Saturday, September 24, 2016

Anniversary post - Five benefits of blogging



It's been a year already since I started blogging. I'm really happy that both my motivation for writing and new posts ideas haven't depleted (quite contrary actually).

Today I'd like to encourage you to write to yourself by presenting five key benefits of blogging. All of them have been taken from my 1-year experience of writing Awesome Testing.

1. Strong encouragement for reading more

Robert Greene reads 300-400 books to collect research material for his new non-fiction publication. In terms of blogging such extremes aren't really necessary, but nevertheless, the extensive preparation phase is required. To feel confident in the described topic you need to at least Google the topic thoughtfully. 

For example, I'll soon continue my TestOps series with Continuous Testing. Here are a few very interesting articles about it available for free: Gurock, IBM, John Ferguson Smart, SDtimes, DevOps.com, InfoQ, Cognizant. This may seem a little bit intimidating at first, but you want to make sure your post is fully researched and complete.

2. Higher job market value

By publishing in a topic related to your job expectation you show a clear interest in the subject. Everyone knows it, but almost no one follows it with an action. Talking with testers on KraQA meetings I hear a lot of complaints regarding employers. Here is something that doesn't require managerial buy-in (unless of course, you want to describe things you do at your workplace). It's easy, free, and almost always beneficial.

Few words about employability. Some people say that if we are happy in our jobs we shouldn't promote ourselves in social media. I strongly disagree with that. In my opinion to have full comfort and life safety we need to always think about the worst possible scenario. Even from the employer's perspective, I would like to have people who want to work in my company, not who have to.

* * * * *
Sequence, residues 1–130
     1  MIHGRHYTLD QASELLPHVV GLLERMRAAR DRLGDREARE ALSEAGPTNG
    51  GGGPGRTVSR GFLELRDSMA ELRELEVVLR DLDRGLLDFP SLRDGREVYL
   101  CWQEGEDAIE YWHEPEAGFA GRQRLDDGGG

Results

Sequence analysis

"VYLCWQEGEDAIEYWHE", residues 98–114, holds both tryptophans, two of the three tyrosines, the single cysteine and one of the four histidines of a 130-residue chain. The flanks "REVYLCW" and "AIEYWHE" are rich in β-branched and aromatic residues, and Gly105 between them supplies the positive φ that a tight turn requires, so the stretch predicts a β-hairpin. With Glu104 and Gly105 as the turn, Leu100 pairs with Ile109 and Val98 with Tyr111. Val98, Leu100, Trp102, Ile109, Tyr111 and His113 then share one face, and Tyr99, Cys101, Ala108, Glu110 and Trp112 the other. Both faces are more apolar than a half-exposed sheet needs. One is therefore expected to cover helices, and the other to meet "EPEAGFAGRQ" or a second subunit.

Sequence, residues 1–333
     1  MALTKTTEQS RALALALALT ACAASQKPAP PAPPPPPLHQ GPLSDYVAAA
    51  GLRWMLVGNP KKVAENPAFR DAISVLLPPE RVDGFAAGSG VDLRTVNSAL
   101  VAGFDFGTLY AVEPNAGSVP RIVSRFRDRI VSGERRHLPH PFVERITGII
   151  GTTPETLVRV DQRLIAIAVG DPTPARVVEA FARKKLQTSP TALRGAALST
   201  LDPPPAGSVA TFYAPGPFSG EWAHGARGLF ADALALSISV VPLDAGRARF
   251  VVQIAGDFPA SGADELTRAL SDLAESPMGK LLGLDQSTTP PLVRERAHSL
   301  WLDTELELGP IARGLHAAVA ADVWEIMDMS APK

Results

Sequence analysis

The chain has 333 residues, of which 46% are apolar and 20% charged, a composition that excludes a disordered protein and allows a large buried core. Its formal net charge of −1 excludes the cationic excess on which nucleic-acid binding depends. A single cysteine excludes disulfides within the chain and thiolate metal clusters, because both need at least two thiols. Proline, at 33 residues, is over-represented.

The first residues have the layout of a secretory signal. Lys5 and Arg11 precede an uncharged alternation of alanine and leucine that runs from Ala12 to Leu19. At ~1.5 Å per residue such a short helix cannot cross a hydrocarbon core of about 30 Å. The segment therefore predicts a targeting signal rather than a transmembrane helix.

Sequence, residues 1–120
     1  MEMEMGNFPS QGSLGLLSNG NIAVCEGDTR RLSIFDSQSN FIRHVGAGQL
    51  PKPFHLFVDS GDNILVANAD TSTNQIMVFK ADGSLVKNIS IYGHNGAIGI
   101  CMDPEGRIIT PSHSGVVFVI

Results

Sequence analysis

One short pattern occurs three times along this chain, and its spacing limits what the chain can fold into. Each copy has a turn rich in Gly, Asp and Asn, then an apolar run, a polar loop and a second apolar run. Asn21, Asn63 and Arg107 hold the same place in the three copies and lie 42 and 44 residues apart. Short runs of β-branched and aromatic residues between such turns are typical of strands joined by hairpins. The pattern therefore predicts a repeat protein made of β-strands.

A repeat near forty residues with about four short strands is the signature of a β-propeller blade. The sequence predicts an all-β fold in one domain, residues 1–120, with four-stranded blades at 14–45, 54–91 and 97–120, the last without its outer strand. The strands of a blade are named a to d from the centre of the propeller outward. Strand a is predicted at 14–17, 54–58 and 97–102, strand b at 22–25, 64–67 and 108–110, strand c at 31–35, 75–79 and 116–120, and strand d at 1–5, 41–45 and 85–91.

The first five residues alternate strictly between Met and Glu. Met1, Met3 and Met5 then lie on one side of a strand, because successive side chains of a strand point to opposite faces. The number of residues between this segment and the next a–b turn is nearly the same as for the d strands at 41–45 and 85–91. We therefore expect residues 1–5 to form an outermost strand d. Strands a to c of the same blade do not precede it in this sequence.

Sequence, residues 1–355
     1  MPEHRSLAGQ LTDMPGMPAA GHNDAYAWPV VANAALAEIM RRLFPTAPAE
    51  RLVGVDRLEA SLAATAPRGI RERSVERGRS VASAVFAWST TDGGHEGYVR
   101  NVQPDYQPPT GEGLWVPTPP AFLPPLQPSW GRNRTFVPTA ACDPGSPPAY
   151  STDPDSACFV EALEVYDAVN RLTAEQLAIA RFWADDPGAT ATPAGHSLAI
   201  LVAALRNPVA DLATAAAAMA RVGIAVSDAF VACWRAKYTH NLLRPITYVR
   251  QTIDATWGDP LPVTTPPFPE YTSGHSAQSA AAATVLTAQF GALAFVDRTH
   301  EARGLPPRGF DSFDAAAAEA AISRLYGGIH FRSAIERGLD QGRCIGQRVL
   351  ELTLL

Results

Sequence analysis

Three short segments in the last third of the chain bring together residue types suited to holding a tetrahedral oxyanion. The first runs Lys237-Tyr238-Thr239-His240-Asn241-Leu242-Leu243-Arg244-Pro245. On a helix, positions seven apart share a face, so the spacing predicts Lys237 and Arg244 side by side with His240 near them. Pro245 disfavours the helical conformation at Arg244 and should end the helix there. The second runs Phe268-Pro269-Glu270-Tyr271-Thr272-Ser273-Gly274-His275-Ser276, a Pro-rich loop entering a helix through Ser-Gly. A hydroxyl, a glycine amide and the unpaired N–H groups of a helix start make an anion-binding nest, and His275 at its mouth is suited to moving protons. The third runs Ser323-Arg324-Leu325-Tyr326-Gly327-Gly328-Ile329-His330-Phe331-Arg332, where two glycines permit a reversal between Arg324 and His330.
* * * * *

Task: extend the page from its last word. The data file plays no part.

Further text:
3. Going to the root of the problem

This is something I surfaced already in point one. To describe something in your words, you need to fully understand it first. My browser capabilities explained is a perfect example of that.  The topic that seemed easy at first turned out to be hard to figure out. Most Internet resources I found were outdated already. In the end, I had to browse the Chromium source code.

By the way, I had to change the user agent in my tests at work recently and I literally googled my post to find how to do it. Here's commit showing it for those who are interested.

Skill to find and understand the root causes of bugs distinguish good testers from bad ones. By writing your posts (especially technical) you improve such skill. You are simply forced to analyze the roots of everything.

4. Getting familiar with novelty

I know one incredibly good front-end developer with ten years+ experience in JavaScript. We were talking once about rate-yourselves first recruitment (you assess your skills in the scale of 1 to 10 before the technical interview) and he said he would rate his JS skill for 4-5. I thought it was a joke at first, but he explained there so many things, frameworks, extensions in front-end world that you can't really comprehend it fully. He knew about their existence though.

By reading & writing often you open yourselves for various things you don't even know exists. You end up analyzing not only testing stuff but also fields closely related to it. You slowly become an all-around engineer with broad knowledge about the full software engineering process. There are so many things we don't even know exists. By blogging you quickly realize that. This motivates you to learn them, which in turn opens you for something new...

5. Extending your professional circles

As an author, you distinguish yourself from the crowd. It's much easier for such a person to make professional connections (especially virtual ones). You are now no longer an anonymous member of the testing community, you start to influence and expand it.

When I was younger I thought that people who write and speak at conferences are superhuman. Now I know it's not true. We all have capabilities to do that.

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